Economic context

Figure 2 shows that the pace of growth in manufacturing exceeded that of total production between 2003 and 2006. This trend was, however, temporarily interrupted following the economic downturn in 2008, when manufacturing fell by a greater extent than total production.

Following the 2008 to 2009 downturn, total production and manufacturing returned to growth for a short period, before falling again in 2011 and 2012. This coincided with falling gross domestic product (GDP) in the euro area. Total production was particularly affected, falling below its downturn trough in Quarter 4 (Oct to Dec) 2012, while manufacturing fell by a smaller amount.

For production and manufacturing, conditions have improved since the start of 2015. The Second Estimate reported that GDP rose by 0.3% in Quarter 1 (Jan to Mar) 2015, marking a ninth consecutive quarter of expansion, mainly due to the services industries which grew by 0.4% on the quarter. Looking at the other components of GDP, agriculture experienced a 0.2% contraction in output, while construction fell by a marked 1.1%, a second successive quarter of decline.

The production industry continued to show growth on an annual basis. Output was 1.0% higher in Quarter 1 (Jan to Mar) 2015 compared with Quarter 1 (Jan to Mar) 2014 with manufacturing 1.4% higher, however this does represent the weakest quarter-on-year growth since Quarter 3 (July to Sep) 2013 and Quarter 4 (Oct to Dec) 2013 respectively.

Figure 2: Quarterly seasonally adjusted production and manufacturing, Quarter 1 (Jan to Mar) 2003 to Quarter 1 (Jan to Mar) 2015, UK

Figure 2: Quarterly seasonally adjusted production and manufacturing, Quarter 1 (Jan to Mar) 2003 to Quarter 1 (Jan to Mar) 2015, UK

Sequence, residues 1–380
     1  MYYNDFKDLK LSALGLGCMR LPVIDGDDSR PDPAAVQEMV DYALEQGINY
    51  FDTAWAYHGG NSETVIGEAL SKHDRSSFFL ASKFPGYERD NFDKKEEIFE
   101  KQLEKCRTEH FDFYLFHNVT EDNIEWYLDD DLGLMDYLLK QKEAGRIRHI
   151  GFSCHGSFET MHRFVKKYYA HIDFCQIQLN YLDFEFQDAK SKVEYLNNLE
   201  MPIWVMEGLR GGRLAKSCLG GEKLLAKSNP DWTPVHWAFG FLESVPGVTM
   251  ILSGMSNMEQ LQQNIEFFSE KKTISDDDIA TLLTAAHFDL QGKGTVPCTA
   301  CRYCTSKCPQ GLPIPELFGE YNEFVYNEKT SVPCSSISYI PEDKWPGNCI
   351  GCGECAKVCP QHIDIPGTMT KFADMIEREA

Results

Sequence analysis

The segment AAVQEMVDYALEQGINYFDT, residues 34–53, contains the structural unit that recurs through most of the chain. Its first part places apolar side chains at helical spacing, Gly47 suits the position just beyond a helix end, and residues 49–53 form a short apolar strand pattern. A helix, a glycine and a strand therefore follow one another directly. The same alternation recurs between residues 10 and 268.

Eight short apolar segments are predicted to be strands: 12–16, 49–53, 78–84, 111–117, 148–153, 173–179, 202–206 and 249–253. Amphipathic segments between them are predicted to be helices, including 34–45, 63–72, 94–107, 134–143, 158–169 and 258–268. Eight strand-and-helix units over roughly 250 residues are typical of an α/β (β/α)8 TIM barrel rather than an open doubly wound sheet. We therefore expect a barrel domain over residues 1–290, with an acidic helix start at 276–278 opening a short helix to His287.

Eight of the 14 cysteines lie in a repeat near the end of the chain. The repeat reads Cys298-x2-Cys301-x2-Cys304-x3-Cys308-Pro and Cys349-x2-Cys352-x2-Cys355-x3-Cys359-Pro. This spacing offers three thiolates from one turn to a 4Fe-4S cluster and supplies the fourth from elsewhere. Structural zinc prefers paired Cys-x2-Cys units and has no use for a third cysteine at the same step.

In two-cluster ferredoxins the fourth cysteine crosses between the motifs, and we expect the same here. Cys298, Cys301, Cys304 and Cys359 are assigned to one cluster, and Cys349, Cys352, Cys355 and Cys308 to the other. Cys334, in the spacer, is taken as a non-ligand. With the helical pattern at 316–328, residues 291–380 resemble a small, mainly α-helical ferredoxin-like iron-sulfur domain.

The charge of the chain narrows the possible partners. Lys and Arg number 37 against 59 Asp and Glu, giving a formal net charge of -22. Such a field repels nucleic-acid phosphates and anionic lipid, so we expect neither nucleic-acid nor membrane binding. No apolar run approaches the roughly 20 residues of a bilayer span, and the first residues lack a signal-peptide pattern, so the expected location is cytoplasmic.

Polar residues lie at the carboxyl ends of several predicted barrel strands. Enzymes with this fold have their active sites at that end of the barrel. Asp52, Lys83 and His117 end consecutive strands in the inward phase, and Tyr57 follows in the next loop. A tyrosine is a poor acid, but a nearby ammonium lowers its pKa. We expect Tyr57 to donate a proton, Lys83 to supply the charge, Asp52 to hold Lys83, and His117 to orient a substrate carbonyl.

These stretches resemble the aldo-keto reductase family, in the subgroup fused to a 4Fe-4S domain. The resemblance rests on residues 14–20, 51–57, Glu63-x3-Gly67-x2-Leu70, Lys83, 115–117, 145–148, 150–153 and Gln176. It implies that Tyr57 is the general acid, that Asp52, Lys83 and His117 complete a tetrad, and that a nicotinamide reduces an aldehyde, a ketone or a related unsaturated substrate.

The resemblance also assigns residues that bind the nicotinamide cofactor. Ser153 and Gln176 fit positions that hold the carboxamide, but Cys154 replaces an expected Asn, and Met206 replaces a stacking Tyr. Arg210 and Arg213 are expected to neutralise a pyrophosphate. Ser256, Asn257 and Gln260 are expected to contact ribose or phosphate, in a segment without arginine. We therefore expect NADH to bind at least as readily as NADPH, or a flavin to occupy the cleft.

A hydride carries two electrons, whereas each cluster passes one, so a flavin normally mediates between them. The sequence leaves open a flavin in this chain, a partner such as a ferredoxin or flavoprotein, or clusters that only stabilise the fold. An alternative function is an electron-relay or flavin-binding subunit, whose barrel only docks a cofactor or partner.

Notes:

  1. Source: Primarily Monthly Business Survey (Production and Services) - Office for National Statistics
  2. Throughout this chart Q1 refers to Quarter 1 (January to March), Q2 refers to Quarter 2 (April to June), Q3 refers to Quarter 3 (July to September) and Q4 refers to Quarter 4 (October to December). 

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According to the recent GDP bulletin, headline GDP surpassed its pre-downturn peak in Quarter 3 (July to Sep) 2013 and services (which account for over 78% of total GDP) remained the only headline industry to do so. Output in the production and construction industries in Quarter 1 (Jan to Mar) 2015 remained below levels experienced just before the onset of the downturn, by 10.3% and 8.0%  respectively (according to the Second Estimate of GDP). Manufacturing output has performed more favourably compared with these industries; however output still remained 4.8% below pre-downturn levels.

The recent period of rising manufacturing output has coincided with low price inflation in the manufacturing industry, both in terms of the prices manufacturers pay for materials and fuels used in the production process (input prices) and the prices they charge for the goods they produce (output prices). We publish both measures in the Producer Price Inflation bulletin. Input prices marked their 18th successive month of deflation in the year to April 2015, with prices falling by 11.7%, although this was up from a fall of 12.8% in the year to March 2015. Output prices have also experienced deflation, falling by 1.7% on an annual basis, unchanged from the previous two months.

International perspective